Impatiens are an abundantly blooming summer annual. Double impatiens have two sets of petals on each flower, giving them a fullness similar to that of a rose. They come in shades of pink, lavender and white. Some varieties have two colors on each flower that add more interest to the garden. Shade tolerant, they add color to parts of the garden where other annuals won't bloom. Sowing double impatiens seed is no different than sowing regular impatiens, but you get more striking flowers for use in beds and containers.
Start impatiens seed eight weeks before the last expected spring frost in your area. Fill seed starting trays with a soil-less potting mix prior to planting.
Moisten the soil until it is evenly moist but not soggy. Sprinkle the seeds on the soil surface in rows and lightly press on them so they have full contact with the soil. Double impatiens seed is very small, so sow as thinly as you can.
Cover flats with a layer of plastic wrap, then place them in a 70- to 75-degree F room near a sunny window or under grow lights placed 4 inches above the flat, as double impatiens require light to germinate. Germination occurs within seven to 10 days after sowing.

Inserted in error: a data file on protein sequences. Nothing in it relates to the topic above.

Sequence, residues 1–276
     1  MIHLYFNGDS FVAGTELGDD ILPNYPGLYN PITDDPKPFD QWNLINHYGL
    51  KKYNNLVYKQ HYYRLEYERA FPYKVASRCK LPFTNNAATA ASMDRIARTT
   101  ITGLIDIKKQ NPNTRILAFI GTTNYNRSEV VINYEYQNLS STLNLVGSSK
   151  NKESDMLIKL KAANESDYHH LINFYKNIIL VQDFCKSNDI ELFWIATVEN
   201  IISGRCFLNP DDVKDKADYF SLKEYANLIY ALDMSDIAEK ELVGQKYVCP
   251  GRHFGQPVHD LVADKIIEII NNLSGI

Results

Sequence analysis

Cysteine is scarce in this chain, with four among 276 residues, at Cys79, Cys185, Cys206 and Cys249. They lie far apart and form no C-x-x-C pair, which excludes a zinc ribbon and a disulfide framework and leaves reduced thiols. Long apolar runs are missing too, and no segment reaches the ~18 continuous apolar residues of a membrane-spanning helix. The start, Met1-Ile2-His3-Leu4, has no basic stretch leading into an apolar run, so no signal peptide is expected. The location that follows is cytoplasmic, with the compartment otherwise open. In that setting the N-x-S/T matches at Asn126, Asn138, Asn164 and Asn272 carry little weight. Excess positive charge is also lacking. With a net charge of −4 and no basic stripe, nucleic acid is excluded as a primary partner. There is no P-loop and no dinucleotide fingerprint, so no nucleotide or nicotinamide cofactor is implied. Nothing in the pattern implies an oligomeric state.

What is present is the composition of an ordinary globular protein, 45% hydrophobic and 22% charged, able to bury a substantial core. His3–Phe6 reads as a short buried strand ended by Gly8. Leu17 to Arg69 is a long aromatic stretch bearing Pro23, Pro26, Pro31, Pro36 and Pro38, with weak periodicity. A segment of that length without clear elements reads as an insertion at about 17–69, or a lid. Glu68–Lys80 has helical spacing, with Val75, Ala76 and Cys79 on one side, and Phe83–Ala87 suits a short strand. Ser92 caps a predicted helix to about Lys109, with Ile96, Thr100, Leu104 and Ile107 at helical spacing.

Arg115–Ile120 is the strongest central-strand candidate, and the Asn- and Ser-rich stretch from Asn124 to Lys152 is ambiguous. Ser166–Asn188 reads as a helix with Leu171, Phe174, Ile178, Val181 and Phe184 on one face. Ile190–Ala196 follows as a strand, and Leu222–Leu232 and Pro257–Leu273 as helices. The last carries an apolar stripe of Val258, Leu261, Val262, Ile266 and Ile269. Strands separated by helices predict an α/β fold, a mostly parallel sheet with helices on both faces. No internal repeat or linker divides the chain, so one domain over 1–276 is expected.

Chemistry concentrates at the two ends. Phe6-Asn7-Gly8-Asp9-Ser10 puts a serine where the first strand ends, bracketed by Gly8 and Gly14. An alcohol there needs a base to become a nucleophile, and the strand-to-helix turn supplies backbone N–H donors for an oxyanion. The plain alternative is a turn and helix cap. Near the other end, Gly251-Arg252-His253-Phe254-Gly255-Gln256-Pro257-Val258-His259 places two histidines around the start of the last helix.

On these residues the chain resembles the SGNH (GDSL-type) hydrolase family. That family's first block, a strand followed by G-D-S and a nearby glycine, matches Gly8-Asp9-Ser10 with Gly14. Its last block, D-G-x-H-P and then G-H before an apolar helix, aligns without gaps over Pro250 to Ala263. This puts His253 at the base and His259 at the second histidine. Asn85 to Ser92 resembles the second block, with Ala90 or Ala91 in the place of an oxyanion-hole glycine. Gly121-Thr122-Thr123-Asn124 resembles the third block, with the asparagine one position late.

Remove plastic once seeds germinate. Water flats from the bottom to keep soil moist but not wet and leave under grow lights for 12 hours a day, or place in a sunny window for six hours a day.
Transplant seedlings to individual pots once they develop their second set of leaves. Fill pots with potting mix and moisten. Lift each healthy seedlings from the flat by the top leaves and plant into the new pot.
Fertilize every two weeks with a half-strength liquid feed. Transplant to the garden once all danger of frost has passed in your area.